It’s a winter Monday morning in Minnesota, and the alarm reminds me that I plan to go for a run and then workout at a local gym.  In my not-so-awake state, I groan at the thought that I don’t feel like exercising today. In this moment I realize I have a choice to make: follow my feelings and blow off the workout, or push past the feelings and do the workout anyway.

God has wired us to be emotive beings: we feel things as we go through life. For example, feelings can alert us to danger. Safety experts advise us that it’s wise to trust your feelings and act when you sense danger is near. Feelings can also help us gravitate towards compassion and love in our relationships with family, friends, or a spouse. Feelings of guilt about something we have done can lead us to turn to God for forgiveness and seek to be reconciled with someone we have hurt.

However, feelings can also be deceptive.  

Because we are living in a world cracked by the rebellion of humans so long ago, our feelings can sometimes lead us to false thinking and poor responses or actions.

•    Feelings can lead us to dwell on past wrongs that God has already forgiven.

•    Feelings can convince us that although we will always be unlovable, even though we are beloved, adopted sons and daughters of the Most High God, who called and saved us out of love through Jesus Christ at the cross.

•    Feelings that are outside of God’s presence and power can lead us to make bad choices with unintended, disastrous consequences.

In our flawed state of being, feelings can also lead us to complacency or inaction when God calls us to trust Him and move forward in His plan for our lives. I think this was in the Apostle Paul’s mind when he wrote this:

“I do not understand what I do. For what I want to do I do not do…I have the desire to do what is good, but I cannot carry it out.  For I do not do the good I want to do, but the evil I do not want to do—this I keep on doing. Now if I do what I do not want to do, it is no longer I who do it, but it is sin living in me that does it…What a wretched man I am! Who will rescue me from this body that is subject to death?  Thanks be to God, who delivers me through Jesus Christ our Lord!”

Romans 7:15, 18-19, 24-25(NIV)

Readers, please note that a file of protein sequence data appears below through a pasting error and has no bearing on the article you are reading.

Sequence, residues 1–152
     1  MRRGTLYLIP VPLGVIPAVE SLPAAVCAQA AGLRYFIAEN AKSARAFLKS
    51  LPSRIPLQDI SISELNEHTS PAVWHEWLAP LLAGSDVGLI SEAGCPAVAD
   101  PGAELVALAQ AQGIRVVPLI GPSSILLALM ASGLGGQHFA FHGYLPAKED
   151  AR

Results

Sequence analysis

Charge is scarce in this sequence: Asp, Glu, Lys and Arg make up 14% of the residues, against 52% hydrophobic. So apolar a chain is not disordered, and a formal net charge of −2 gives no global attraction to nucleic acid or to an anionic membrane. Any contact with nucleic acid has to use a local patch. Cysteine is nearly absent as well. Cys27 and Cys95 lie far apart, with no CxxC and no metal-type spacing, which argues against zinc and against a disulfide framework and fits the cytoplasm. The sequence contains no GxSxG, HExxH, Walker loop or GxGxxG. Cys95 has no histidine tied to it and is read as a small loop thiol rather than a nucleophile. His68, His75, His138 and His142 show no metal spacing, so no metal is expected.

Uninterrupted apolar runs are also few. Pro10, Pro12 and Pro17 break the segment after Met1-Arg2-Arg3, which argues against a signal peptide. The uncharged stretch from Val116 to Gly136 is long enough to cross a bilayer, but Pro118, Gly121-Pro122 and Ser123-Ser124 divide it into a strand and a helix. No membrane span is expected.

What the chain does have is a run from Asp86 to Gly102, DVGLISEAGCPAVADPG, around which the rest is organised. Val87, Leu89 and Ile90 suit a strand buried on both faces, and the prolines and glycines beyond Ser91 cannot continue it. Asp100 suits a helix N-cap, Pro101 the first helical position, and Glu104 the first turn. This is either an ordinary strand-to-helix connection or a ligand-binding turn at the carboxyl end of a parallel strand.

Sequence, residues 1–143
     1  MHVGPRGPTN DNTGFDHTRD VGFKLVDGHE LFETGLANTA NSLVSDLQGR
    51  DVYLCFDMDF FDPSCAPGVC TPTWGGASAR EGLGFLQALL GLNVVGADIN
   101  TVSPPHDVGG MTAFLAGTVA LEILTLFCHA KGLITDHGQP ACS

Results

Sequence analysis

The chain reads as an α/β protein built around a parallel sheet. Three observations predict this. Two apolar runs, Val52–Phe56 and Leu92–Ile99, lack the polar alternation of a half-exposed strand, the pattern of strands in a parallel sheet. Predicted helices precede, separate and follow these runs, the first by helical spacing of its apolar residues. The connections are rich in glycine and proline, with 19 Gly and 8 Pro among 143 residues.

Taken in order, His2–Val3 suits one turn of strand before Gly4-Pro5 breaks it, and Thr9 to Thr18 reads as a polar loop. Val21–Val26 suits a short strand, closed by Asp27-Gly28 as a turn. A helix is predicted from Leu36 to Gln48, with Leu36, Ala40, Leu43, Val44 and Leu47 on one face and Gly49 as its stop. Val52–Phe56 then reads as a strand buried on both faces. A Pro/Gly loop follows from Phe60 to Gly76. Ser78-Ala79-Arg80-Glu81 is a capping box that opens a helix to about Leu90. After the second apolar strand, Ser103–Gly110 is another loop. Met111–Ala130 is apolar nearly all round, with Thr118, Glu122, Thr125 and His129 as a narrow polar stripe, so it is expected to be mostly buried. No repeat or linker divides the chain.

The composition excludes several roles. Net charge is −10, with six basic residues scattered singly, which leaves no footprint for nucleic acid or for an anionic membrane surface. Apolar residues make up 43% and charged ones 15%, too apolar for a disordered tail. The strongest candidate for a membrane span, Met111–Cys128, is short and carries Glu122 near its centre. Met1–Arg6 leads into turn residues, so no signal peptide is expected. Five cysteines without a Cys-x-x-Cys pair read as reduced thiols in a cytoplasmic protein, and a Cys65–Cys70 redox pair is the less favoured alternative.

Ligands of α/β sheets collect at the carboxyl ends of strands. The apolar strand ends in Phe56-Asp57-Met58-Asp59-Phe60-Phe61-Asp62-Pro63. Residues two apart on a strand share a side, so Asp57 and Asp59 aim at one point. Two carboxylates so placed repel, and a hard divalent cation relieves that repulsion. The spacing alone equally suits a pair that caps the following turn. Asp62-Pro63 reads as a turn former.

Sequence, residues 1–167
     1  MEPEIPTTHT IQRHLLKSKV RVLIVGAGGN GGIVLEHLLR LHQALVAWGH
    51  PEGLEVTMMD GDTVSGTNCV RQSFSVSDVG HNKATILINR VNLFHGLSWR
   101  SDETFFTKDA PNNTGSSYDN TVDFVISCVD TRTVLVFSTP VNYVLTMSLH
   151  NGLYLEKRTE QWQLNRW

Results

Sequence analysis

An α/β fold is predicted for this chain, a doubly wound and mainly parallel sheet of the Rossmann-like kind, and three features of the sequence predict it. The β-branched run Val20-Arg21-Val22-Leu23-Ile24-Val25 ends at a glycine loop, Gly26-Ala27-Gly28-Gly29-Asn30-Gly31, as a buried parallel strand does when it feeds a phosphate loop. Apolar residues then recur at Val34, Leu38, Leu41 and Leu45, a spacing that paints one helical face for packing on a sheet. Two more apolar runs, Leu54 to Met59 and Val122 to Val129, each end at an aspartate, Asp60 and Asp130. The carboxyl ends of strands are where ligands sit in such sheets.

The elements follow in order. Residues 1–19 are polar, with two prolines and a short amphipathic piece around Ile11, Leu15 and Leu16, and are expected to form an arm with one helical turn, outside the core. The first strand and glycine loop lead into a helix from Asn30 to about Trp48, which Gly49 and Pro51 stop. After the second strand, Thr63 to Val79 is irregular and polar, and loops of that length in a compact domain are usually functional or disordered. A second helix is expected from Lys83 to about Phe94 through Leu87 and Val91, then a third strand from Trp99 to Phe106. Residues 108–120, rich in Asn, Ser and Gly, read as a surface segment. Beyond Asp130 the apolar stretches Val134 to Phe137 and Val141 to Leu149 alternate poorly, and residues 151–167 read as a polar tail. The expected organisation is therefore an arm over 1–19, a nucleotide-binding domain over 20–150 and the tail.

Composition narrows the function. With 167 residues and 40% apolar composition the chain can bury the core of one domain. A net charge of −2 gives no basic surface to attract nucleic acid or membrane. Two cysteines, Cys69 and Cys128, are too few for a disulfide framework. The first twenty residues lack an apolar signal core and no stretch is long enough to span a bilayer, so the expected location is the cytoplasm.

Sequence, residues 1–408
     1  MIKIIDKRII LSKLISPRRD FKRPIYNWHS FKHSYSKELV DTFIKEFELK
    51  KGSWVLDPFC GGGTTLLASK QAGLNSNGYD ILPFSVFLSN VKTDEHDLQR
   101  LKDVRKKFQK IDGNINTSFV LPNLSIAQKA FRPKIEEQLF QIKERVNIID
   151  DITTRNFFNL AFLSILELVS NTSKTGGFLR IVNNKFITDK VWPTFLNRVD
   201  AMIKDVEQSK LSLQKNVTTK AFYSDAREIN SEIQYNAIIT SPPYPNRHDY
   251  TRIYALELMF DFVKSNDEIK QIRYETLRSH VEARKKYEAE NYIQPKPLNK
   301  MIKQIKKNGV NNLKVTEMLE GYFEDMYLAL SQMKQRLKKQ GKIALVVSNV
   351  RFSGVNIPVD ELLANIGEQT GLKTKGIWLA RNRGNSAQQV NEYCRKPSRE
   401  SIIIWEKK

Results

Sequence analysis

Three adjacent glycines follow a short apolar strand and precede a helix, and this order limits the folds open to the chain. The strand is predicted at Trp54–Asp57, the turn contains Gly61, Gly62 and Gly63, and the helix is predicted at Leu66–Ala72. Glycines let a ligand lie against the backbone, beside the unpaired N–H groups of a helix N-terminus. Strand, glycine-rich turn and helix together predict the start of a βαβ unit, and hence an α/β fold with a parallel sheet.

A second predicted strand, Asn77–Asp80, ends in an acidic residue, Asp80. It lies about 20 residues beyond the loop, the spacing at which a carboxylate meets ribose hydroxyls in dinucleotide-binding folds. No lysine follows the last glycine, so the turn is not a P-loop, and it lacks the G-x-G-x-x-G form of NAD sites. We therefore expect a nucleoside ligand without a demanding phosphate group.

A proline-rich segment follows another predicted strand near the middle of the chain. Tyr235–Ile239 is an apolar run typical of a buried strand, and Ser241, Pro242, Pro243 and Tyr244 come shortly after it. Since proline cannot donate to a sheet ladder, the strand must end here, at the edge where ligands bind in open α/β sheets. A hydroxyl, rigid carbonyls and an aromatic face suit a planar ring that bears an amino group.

The harsh reality is that our feelings often try to overrule God ‘s plan for us. Paul touched on the one and only answer to navigating through our feelings: the power of God that is experienced in a transformational relationship with Jesus Christ.

On that cold Minnesota morning, I do get out of bed and spend time in prayer and God’s Word.  I also reflect on the previous day when I felt like staying home rather that worshipping with my fellow brothers and sisters at our local church.  My wife and I went to church in spite of my sluggish feelings and we experienced God in amazing worship and a message in which He spoke to me in a deep way. I would have missed that had I followed my feelings.

In the chill of the morning, I ask God to empower me with His Holy Spirit to do the things He desires for me and from me this day. I surrender my feelings to God and ask Him to superintend every thought and emotion inside of me.  A short time later I pack my gym bag and head out.  Ultimately when I’m done, I feel good. That’s the way the best feelings work—they come after the choice to do the hard things God puts before us, usually not beforehand.

I don’t know what feelings you are experiencing in the circumstances of your life. However, I invite you to surrender those feelings to God and ask Him to empower you with His Spirit, which always leads to a healthy, good emotional outcome. Then carry on in the work He puts before you armed with His power, not your own.

The good feelings will follow!

God bless you.


I invite you to check out my book “The Isaiah Encounter” Living an Everyday Life of Worship” at Barnes and Noble and on Amazon.